Polyomavirus attacks the immune system, causing affected parrots to become more susceptible to bacteria, viruses, and secondary infections. The virus kills quickly, usually in 1-2 days. Symptoms of the virus include:

  • Swollen abdomen
  • Regurgitation of food
  • Loss of appetite
  • Diarrhea
  • Vomiting
  • Depression
  • Weight loss
  • Excessive urination
  • Tremors
  • Paralysis

Polyomavirus is contracted through other infected birds, as well as the air, dust, dander, and incubators.

Parrots that live alone don’t need the vaccine, as they are unlikely to be exposed to the disease. However, if you have other birds, it’s best to get the vaccine because the risk of exposure increases.

Similarly, if you bought your parrot from a breeder or store that houses other birds, get the vaccine. It won’t work if the parrot is sick, so get it as early as possible to be effective against the disease.

Parrot Vaccination Vaccine Schedule

If you decide to give your parrot the polyomavirus vaccine, get a veterinarian to administer the first dose at 4 weeks. Your parrot will then need its second dose after 6-8 weeks.

An older parrot will also need a double dose of the vaccination. You can give the first injection whenever it’s convenient. The second dose then comes 2-4 weeks later.

Unfortunately, the vaccine’s effectiveness isn’t yet tested, so it’s possible your parrot could still contract the disease after receiving the vaccine.

How To Prevent Polyomavirus

There’s no treatment for polyomavirus, so there’s nothing a veterinarian can do if your parrot contracts the disease. All a vet can do is diagnose the disease with a cloacal swab. Therefore, prevention is essential, which you can try to do by following these steps:

  • Get your parrot tested for polyomavirus once it arrives at your home.
  • Keep your parrot distanced from other parrots and birds.
  • Disinfect your parrot’s cage and surfaces regularly to remove traces of the disease.
  • Always stick to your annual check-up.

While these aren’t fool-proof steps, they will definitely help prevent your parrot from contracting the disease.

Transporting A Parrot To The Vet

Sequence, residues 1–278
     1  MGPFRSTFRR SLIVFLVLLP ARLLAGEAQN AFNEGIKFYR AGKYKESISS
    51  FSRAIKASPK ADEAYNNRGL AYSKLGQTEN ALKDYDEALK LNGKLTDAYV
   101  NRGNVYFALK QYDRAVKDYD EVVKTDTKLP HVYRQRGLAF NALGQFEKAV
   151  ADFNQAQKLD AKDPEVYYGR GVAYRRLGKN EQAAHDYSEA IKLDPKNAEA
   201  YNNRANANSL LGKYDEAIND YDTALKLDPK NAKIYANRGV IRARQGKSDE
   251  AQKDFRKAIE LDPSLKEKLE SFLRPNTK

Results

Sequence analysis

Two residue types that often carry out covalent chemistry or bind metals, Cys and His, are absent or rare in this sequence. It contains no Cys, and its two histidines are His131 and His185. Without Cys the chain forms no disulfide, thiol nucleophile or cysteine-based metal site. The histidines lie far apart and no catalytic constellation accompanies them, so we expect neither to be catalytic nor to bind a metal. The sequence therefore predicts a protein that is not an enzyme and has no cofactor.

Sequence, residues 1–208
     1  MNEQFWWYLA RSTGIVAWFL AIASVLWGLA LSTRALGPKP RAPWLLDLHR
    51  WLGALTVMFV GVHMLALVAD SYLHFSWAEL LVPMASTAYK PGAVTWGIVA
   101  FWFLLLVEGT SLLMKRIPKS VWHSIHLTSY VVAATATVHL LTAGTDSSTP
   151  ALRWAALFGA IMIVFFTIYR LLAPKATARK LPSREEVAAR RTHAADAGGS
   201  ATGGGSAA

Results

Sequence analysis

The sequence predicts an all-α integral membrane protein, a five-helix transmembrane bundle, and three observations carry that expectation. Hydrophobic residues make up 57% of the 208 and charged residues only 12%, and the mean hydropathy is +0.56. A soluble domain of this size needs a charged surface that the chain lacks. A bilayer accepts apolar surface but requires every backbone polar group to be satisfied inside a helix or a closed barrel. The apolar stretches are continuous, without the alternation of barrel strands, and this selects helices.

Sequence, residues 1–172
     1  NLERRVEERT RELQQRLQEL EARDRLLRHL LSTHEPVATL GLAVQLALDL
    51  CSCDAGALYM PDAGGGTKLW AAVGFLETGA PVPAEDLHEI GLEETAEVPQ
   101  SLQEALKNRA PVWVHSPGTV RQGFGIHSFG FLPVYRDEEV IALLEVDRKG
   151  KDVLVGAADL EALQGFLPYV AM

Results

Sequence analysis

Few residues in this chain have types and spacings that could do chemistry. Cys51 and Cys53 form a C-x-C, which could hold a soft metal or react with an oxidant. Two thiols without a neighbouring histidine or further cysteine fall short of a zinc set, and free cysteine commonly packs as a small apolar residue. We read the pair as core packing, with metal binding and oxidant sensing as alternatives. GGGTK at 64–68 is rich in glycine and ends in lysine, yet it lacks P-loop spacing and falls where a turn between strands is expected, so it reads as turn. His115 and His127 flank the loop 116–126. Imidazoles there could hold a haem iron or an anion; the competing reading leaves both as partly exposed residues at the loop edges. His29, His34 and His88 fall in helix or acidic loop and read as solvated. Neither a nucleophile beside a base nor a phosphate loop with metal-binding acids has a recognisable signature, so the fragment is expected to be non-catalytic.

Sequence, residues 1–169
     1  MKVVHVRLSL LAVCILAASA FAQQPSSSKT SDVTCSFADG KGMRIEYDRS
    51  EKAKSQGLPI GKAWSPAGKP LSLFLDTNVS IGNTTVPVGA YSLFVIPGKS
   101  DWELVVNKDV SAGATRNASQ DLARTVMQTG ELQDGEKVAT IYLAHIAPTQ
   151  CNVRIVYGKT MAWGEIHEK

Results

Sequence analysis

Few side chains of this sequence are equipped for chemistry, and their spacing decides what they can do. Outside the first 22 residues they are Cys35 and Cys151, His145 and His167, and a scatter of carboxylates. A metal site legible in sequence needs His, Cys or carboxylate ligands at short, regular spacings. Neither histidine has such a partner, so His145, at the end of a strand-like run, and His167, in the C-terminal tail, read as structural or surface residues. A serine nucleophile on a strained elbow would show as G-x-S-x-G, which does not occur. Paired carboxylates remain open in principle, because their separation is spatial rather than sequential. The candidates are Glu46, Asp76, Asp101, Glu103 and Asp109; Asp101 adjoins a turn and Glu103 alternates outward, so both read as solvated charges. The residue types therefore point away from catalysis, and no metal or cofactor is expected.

When it comes to your parrot’s annual health check, transporting your bird isn’t always easy. You will need to make it as stress-free as possible, as parrots don’t deal with stressful situations very well. Make sure you have:

  • Cardboard box
  • Travel carrier
  • Travel cage
  • Towels
  • Bird food
  • Water
  • Toys
  • Non-perishable bird treats

Use a dark container for transportation. A cardboard box will do if you don’t have anything else, but remember to cut some breathing holes out in various spots. Otherwise, use a small to medium plastic pet carrier.

Aim for a carrier that allows space for your parrot to be comfortable but prevents it from flapping its wings. Place it in a secure spot in your car or secure it with a seat belt.

At the bottom of the cardboard box or plastic carrier, put down a dishcloth or small towel along with your bird’s bedding. Having something that smells familiar in the box will help calm and soothe your parrot.

It’s also worth placing a towel over the top of the box to provide some darkness. Your parrot may panic if it’s able to see unfamiliar surroundings.

You won’t need any food or water for short journeys. However, if your vet is a significant distance away from your home, you should regularly stop for water and bathroom breaks so that you can feed your parrot a few treats. Opt to hand-feed for one-to-one interaction, which will make your parrot feel more at ease.

How Much Does It Cost To Take A Parrot To The Vet?

Owning a parrot doesn’t have to cost a lot. In general, parrot ownership costs less than caring for a dog or cat, but the annual veterinary costs should be accounted for as a regular cost.

A standard parrot vet check-up usually costs around $85-$100 per visit. However, this only includes the examination. It doesn’t account for any treatments or tests that come as a result of the exam.  

Unforeseen vet costs can push this price right up. That’s why parrot insurance is a wise idea. Depending on the cover you choose, standard insurance prices range from $5-$30 a month and cover the cost of illness, injuries, accidents, and death.

Signs Your Parrot Needs A Vet

It’s hard to determine when your parrot is sick. To protect themselves from predators, parrots hide their symptoms. This behavior is carried through to domestication, meaning that owners rarely notice the initial symptoms.

So, adhering to regular vet health checks is essential, as your vet can uncover issues in the early stages. It’s helpful to be tuned in to any changes in your parrot’s behavior or appearance so that you can schedule a health check.